The importance of specific tryptophans to UVR8 function: an intrinsic chromophore for a UV-B photoreceptor

O'Hara, Andrew (2012) The importance of specific tryptophans to UVR8 function: an intrinsic chromophore for a UV-B photoreceptor. PhD thesis, University of Glasgow.

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Although sessile organisms, unable to run away from danger, plants are well adapted to the potential harmful effects of sunlight’s high energy photons within the UV-B wavelength range (280-315 nm). For instance they are able to, among other things; produce their own sunscreen to counter any damage to their proteins, lipids and DNA. Plants of course depend on light as a source of energy for photosynthesis but also use specific wavelengths within the electromagnetic spectrum in a number of ways to act as an informational signal, including UV-B wavelengths, which can induce photomorphogenic responses that allow adaptation and survival for plants in the ever-changing environmental conditions they inhabit. It is now well established in plants that there are more than two pathways operating in response to different wavelengths and fluence rates of UV-B. In response to high, potentially damaging UV-B levels plants utilize a non-specific pathway which overlaps with other stress pathways such as pathogen attack and wounding by, for example, herbivores. And in response to low non-damaging UV-B levels plants utilize the UV-B specific photomorphogenic pathways which bring about acclimation, preparing the plant for potential higher doses and actively promoting plant survival (Jenkins and Brown, 2007). A number of photoreceptors have been identified in plants which act throughout the electromagnetic spectrum, but only in the last year has one been discovered operating at UV-B wavelengths. In fact until then no UV-B- specific photoreceptor had been found in any organism and it was not known how plants perceive UV-B light to initiate photomorphogenic responses. Over the last decade evidence was mounting in favour of the most upstream component of the UV-B photomorphogenic pathway and the only UV-B specific component, UVR8 (UV-RESISTANCE LOCUS 8) as being a UV-B photoreceptor. Now it has been demonstrated in plants to be a bona fide UV-B photoreceptor and to perceive UV-B by a novel mechanism (Rizzini et al., 2011, Christie et al., 2012, Wu et al., 2012). It has been demonstrated upon UV-B irradiation that UVR8 can dissociate from a homodimer to a monomer in vivo and in vitro. And unlike other conventional photoreceptors, which use a chromophore to detect specific wavelengths of light, UVR8 uses tryptophan residues found within its protein structure to carry out photoperception. When UV-B is detected via specific tryptophan residues found within the dimeric UVR8 protein, the energy is captured and used to cause disruption and breakage of several salt bridges between adjacent homodimers causing monomerization and subsequently leading to interaction with COP1 (CONSTITUTIVELY PHOTOMORPHOGENIC 1), nuclear accumulation and signal transduction (Christie et al., 2012; Wu et al., 2012; Favory et al 2009; Kaiserli and Jenkins 2007; Brown et al., 2005). Once UVR8 is in its active form it can then regulate the transcription of a number of UV-B responsive photomorphogenic genes allowing the plant to acclimate to counteract any future potential damage, which in turn promotes the plant’s survival and reproduction (Brown et al., 2005; Oravecz et al., 2006; Favory et al., 2009).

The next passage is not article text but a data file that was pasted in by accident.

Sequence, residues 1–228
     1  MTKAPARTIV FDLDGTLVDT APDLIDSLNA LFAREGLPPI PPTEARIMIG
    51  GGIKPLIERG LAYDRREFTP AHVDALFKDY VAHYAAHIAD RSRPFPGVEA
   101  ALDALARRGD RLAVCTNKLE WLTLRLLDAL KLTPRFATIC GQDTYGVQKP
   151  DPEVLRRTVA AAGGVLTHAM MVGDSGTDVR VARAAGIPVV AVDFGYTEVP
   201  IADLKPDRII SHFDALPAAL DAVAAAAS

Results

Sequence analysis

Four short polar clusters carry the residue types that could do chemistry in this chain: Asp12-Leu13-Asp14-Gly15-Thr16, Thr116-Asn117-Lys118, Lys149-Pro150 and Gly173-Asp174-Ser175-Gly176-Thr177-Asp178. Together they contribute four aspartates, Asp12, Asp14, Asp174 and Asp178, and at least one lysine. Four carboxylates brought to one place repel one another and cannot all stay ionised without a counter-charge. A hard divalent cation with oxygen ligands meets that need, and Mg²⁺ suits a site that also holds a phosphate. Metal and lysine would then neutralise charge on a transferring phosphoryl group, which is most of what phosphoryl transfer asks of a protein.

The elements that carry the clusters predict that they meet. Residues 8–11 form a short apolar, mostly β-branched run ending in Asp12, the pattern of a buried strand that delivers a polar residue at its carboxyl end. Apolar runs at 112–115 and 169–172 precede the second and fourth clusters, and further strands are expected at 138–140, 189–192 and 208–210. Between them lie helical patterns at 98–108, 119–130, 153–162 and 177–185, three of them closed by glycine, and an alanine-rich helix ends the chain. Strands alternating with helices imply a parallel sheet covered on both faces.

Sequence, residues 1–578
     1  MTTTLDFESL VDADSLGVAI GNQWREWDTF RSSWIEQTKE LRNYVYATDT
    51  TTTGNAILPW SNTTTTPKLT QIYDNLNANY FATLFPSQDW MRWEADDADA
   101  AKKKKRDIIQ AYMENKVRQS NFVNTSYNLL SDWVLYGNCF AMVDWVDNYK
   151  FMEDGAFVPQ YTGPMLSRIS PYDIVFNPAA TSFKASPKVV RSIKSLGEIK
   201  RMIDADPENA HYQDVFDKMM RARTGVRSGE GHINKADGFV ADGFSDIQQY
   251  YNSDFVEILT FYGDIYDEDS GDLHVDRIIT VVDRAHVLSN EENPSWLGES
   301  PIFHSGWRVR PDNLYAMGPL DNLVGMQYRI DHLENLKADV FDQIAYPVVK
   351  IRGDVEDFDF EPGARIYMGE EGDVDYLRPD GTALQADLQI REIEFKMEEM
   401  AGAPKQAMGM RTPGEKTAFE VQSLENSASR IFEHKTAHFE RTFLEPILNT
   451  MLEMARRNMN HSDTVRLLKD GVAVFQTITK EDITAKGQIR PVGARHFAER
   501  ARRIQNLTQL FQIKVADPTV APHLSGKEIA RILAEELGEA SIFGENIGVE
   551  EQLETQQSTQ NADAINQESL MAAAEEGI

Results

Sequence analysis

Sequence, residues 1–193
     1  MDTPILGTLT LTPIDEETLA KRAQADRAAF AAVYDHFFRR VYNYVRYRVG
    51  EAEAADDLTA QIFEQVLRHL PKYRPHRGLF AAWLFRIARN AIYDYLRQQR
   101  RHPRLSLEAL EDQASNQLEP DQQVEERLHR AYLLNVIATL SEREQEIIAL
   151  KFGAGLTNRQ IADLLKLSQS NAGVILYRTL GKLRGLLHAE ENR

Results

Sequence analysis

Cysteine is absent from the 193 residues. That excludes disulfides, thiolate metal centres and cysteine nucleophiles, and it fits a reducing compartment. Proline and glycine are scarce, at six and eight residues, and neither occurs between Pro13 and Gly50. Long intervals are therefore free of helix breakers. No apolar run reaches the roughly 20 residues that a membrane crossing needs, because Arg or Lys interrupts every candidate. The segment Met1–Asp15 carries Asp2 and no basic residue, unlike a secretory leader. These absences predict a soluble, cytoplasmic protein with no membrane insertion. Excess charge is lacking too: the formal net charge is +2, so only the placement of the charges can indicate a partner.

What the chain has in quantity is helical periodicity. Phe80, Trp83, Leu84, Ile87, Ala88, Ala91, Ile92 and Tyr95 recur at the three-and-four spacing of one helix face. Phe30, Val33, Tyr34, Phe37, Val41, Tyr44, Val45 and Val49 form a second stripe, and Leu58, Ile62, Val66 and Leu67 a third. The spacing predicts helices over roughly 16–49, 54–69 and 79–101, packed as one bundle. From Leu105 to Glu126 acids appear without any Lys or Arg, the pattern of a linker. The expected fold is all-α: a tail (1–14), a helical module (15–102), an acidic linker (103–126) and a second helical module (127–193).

When I first started my studies UVR8 was implicated in UV-B responses but it was unknown if it functioned as a photoreceptor. The purpose of my Ph.D was to determine if UVR8 was a UV-B photoreceptor and if so how it perceives UV-B. And more specifically, to address the question: can tryptophan residues within its structure act as an intrinsic chromophore?